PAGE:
During FBI raids on Michael Cohen's home, office, and hotel room in April, agents were able to recover mountains of shredded paper, and BuzzFeed News on Monday obtained some of the documents — including handwritten notes on a taxi business and odd letters from a woman described as a "vexatious litigant" who claimed she was stalked by President Trump in the '80s — that have been pieced back together.
Cohen, Trump's former personal lawyer, is under investigation by the Southern District of New York. During the raids, FBI agents gathered shredded paper, computers, cellphones, and other devices, ultimately ending up with almost four million documents and electronic files. Many of the documents BuzzFeed News viewed that had been put back together didn't make a lot of sense, because not all of the shredded pieces were found, but others were easy to read, like an invitation to a reception in Miami for Qatari business representatives.
BuzzFeed News also saw a document that was previously reported on by The Washington Post: the record of a $62,500 wire transfer made in March into a First Republic Bank account Cohen controlled, which is likely linked to a hush-money agreement Cohen set up with a woman who had an affair with GOP fundraiser Elliot Broidy.
In other Cohen news, his interview with ABC News' George Stephanopoulos aired Monday morning, and a friend told Vanity Fair he's feeling more comfortable speaking to reporters about what's happening in his life. This wasn't about sending secret messages to anyone, but rather Cohen "trying to get ahead of things," his friend said. "[He] started feeling like he may not be thought of as the villain anymore. This was about getting his voice heard before it's too late." Catherine Garcia
It's not Perry Mason or Law & Order, but there's plenty of drama in federal Judge Kimba Wood's Manhattan courtroom over which of Michael Cohen's seized files federal prosecutors will be able to see, and when. In court on Monday, President Trump's lawyer Joanna Hendon asked Wood to allow Trump first review of the materials, and when Wood rejected the stay — she is considering a neutral "special master" or a "taint team" of federal prosecutors — Hendon said she has no idea what to tell Trump about what's in Cohen's files. "You're getting into areas that we don't need to address now," Wood replied, according to Bloomberg News. But what's in Cohen's files is very much on the minds of Trump and his allies, Axios reports.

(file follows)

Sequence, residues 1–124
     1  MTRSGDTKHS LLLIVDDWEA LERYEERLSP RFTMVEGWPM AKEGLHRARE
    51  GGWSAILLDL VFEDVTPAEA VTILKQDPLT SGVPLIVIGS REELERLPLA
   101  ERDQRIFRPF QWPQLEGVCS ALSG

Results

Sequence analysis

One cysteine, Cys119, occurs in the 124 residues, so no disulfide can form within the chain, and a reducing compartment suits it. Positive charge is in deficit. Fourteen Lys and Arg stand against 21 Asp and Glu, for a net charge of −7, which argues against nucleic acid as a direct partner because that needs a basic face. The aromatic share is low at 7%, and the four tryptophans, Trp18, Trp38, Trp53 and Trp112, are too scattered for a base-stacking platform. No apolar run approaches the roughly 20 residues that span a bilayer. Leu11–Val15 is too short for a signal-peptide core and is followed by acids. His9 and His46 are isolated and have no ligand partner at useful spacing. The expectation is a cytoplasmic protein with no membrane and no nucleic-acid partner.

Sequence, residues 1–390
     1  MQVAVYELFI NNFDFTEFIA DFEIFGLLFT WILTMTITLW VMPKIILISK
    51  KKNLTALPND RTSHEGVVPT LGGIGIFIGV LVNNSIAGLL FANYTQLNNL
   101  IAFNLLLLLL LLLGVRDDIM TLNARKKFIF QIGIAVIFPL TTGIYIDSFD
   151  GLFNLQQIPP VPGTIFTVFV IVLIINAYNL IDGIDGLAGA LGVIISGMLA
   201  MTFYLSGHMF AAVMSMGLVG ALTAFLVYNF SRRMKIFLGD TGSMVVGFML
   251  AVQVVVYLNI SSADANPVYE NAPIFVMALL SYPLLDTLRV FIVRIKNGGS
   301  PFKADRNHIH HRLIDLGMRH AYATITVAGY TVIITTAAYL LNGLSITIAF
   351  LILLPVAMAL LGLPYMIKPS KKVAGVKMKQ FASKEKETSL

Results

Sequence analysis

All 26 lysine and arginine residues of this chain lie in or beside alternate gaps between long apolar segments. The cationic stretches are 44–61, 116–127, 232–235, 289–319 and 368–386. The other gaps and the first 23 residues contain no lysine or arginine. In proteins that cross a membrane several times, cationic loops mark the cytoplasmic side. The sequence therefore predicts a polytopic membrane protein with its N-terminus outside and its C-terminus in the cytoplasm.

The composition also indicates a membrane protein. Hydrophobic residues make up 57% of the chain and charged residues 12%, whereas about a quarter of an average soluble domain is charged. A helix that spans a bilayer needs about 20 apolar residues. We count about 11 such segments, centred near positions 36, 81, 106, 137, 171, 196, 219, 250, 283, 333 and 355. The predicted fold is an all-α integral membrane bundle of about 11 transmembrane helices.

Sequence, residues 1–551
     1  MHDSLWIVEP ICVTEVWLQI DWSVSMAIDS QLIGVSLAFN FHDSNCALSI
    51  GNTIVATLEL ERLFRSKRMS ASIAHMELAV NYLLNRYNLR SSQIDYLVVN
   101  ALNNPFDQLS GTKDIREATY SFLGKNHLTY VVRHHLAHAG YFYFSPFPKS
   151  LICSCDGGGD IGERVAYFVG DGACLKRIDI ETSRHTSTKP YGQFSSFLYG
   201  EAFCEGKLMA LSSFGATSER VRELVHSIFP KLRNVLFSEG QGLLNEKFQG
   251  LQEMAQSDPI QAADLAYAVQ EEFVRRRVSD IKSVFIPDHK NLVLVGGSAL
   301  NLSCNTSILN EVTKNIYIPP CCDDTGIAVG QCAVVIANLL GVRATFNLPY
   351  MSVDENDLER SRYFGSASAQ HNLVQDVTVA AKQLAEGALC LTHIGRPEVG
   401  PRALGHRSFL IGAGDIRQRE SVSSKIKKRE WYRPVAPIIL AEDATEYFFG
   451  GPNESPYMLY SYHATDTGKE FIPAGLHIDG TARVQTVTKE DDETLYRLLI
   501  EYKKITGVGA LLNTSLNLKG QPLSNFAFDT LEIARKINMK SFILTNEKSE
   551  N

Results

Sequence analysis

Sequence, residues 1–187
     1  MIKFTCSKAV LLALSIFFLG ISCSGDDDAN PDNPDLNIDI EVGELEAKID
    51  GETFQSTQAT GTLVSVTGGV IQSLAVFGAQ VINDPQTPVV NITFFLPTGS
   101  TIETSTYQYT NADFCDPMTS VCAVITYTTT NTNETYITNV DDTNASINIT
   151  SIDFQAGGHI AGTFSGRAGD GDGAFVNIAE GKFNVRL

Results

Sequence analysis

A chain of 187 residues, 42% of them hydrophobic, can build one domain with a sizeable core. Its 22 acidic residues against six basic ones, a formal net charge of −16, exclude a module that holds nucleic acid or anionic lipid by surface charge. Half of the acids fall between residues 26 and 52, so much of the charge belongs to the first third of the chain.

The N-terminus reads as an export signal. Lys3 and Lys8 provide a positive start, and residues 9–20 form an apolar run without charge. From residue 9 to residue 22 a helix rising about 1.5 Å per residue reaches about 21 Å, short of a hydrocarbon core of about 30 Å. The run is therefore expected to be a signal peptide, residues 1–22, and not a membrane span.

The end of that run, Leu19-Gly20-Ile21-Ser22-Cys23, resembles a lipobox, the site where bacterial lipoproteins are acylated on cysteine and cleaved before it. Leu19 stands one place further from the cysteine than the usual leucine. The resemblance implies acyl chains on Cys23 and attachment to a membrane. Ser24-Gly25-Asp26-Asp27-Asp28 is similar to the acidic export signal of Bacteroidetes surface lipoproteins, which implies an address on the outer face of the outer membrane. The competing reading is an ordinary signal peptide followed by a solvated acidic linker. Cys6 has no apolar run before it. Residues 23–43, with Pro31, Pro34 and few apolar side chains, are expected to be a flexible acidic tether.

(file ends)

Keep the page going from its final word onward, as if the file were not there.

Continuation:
"Cohen is a potential Rosetta stone to Trump's final decade in private life," Axios' Mike Allen writes. "Cohen knows more about some elements of Trump's life than anyone else — because some stuff, Ivanka doesn't want to know."
"The guys that know Trump best are the most worried," a former Trump campaign official told Axios. "People are very, very worried. Because it's Michael [effing] Cohen. Who knows what he's done? ... People at the Trump Organization don't even really know everything he does. It's all side deals and off-the-books stuff. Trump doesn't even fully know; he knows some but not everything."
"The media is excited about what might emerge from Cohen's legal travails, and for good reason," Tim O'Brien, who wrote a book about Trump, counters at Bloomberg View. But nobody should "assume that his evident downfall portends doom for Trump's presidency." Cohen has only worked for Trump since 2006, and he never had a leadership role at Trump's business. If prosecutors ever become interested in Jason Greenblatt, Trump's company's general counsel who signed off on almost every significant deal, or CFO Allen Weisselberg, O'Brien writes, then Trump is in serious trouble. Peter Weber
When President Trump lashed out at Special Counsel Robert Mueller after the FBI raided the office, residences, and bank deposit box of Trump's personal lawyer and fixer Michael Cohen, commentators pointed out that the prosecutor who authorized the raid was Geoffrey Berman, Trump's personally selected U.S. attorney for the Southern District of New York. But soon after taking the job in January, The New York Times reports, "Berman notified Justice Department officials in Washington of a possible appearance of conflict of interest in the then-undisclosed Cohen investigation, and officials concluded that he should be recused, according to people briefed on the matter."
It is unclear why Berman recused himself, the Times said, and its reporters could only rule out reasons he had to hand control of the investigation to his handpicked deputy, Robert S. Khuzami. Berman, a registered Republican who donated to and volunteered for the Trump campaign, is not known to have any ties to Cohen, did not recuse himself because he was a law partner with Trump supporter Rudolph Giuliani, and did not step aside because of Trump's unusual decision to personally interview him for the job, the Times said.